/*  ============= WEB BROWSER RESETS ============ */
* { margin: 0; padding: 0; border: 0; box-sizing: border-box }
html { height: 100% }
body { min-height: 100% }  
img { width: 100%; height: auto; display: block }

This has to do with setting percentage values for horizontal and vertical widths:

To avoid this possible conflict of ‘how high is height?’, web designers add 100% height values to browser resets at the top of CSS files.

Editing your three sample stylesheets

Follow these steps to update the stylesheet files for your recent sample web pages (page-10.html, page-11.html and page-12.html) so that they display responsively on different viewport widths.

You created these sample web pages in a previous Tutorial.

  1. In VS Code, open the style-10.css, style-11.css and style-12.css stylesheet files.
  2. At the top of each stylesheet file, replace the current web browser resets by copying and pasting the following:
    /*  ============= WEB BROWSER RESETS ============ */
    * { margin: 0; padding: 0; border: 0; box-sizing: border-box }
    html { height: 100% }
    body { min-height: 100% }  
    img { width: 100%; height: auto; display: block }
    
  3. For each stylesheet file, replace the current .container-block style rules with the following:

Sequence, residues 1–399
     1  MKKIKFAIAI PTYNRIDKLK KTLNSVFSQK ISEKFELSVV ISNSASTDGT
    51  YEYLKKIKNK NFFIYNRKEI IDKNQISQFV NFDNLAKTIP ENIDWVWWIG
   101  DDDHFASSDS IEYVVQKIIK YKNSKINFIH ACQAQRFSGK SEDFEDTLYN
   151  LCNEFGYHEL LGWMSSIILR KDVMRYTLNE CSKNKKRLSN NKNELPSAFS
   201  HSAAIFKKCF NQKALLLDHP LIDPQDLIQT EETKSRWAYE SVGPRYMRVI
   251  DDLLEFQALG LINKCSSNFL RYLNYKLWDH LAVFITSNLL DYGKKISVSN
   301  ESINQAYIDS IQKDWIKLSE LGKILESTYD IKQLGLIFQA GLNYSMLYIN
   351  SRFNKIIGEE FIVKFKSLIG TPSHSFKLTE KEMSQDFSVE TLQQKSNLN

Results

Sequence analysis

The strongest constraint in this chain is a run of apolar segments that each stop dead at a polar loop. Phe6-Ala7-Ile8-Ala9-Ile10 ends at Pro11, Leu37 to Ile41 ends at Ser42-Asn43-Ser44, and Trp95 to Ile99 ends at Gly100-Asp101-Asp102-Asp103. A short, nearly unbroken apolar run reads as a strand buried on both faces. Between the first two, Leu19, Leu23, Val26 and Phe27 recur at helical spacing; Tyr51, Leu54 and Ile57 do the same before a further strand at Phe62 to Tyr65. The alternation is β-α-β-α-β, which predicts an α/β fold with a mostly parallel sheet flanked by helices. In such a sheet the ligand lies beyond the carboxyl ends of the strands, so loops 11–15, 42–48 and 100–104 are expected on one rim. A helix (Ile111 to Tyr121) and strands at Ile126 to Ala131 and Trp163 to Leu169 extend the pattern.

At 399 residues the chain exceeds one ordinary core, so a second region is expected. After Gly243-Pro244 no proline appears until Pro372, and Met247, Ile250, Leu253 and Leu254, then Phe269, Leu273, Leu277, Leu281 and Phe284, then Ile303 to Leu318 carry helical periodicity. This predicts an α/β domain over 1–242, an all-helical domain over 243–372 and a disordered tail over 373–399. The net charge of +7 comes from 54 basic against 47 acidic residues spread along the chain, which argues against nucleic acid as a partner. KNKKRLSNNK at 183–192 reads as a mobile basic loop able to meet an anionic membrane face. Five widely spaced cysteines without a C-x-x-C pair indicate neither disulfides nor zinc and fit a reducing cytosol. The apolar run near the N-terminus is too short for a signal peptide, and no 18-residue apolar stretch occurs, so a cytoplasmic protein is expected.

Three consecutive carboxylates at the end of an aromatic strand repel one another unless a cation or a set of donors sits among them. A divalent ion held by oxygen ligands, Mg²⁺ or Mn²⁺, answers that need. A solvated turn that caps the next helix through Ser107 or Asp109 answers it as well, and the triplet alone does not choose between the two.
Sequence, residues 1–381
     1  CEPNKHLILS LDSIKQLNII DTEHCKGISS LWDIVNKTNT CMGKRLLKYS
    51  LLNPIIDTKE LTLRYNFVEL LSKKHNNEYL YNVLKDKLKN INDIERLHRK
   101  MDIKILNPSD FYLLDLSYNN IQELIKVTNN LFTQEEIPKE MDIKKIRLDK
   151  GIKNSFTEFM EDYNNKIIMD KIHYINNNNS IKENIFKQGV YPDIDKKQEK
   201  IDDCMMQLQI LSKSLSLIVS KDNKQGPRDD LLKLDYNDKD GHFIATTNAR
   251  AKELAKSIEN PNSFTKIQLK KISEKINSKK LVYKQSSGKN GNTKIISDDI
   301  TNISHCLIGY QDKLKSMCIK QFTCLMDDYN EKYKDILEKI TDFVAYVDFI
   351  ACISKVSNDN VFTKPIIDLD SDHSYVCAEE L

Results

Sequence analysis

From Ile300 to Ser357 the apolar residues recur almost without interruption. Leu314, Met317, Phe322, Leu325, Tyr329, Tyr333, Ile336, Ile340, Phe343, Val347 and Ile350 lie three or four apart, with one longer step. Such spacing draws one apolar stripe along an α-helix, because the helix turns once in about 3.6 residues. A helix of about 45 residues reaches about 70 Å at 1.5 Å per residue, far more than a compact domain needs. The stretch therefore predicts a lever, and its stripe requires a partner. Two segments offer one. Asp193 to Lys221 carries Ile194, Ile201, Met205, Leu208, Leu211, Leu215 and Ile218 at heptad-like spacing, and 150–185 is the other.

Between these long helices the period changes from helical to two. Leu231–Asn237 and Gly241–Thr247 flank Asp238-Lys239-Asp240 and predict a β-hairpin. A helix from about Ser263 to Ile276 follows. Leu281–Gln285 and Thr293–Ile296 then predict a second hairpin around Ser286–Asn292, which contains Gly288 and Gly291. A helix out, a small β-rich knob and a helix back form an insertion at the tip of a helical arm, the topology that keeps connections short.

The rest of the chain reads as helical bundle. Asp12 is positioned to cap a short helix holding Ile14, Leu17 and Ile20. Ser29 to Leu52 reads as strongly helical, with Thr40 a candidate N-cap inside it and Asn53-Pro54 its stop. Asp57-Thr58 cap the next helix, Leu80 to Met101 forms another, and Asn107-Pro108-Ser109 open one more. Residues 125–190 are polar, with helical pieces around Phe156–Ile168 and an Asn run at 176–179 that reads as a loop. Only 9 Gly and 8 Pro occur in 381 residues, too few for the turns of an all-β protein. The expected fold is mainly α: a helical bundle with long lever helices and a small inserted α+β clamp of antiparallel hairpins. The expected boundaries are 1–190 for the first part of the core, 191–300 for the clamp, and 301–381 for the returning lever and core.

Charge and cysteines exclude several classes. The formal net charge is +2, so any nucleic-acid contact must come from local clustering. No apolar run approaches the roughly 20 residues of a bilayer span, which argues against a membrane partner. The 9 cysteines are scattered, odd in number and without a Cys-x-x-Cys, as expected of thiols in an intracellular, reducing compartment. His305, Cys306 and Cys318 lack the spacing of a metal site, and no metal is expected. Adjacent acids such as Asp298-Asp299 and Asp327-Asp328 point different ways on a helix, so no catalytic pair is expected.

/* Desktops */
    @media (min-width:768px) { .container-block { padding: 4% 18% } }
    
    /* Mobiles */
    @media (max-width:767px) { .container-block { padding: 12% 8% } }
    
  4. In all three stylesheets you can see that the .container-block selector includes the following style rule that gives the main <h1> heading in your web pages a negative top margin value.
       margin-top: -32px;
    
    Delete this rule.
  5. In all three stylesheets, after the style declaration block for the p paragraph, add these two new media queries that adjust the inter-line spacing for text paragraphs depending on the viewport width:
    /* Desktops */
    @media (min-width:768px) { .container-block p { line-height: 1.8 } }
    
    /* Mobiles */
    @media (max-width:767px) { .container-block p { line-height: 1.6 } }
    
  6. Save the style-10.css, style-11.css and style-12.css stylesheets.
  7. Use your web browser’s viewport resizing feature to check that the horizontal and vertical spacing of the container blocks in the three web pages changes at the 768px viewport breakpoint.

Click page-10.html, page-11.html and page-12.html to view finished samples of these web pages in a new tab of your web browser.

Uploading your CSS files to GitHub

Upload the following three stylesheet files to your account on GitHub:

style-10.css
style-11.css
style-12.css

Your updated web pages with the fluid font sizes will be published at web addresses similar to the following:

https://username.github.io/page-10.html
https://username.github.io/page-11.html
https://username.github.io/page-12.html

It may take a few minutes for your uploaded files to appear on GitHub.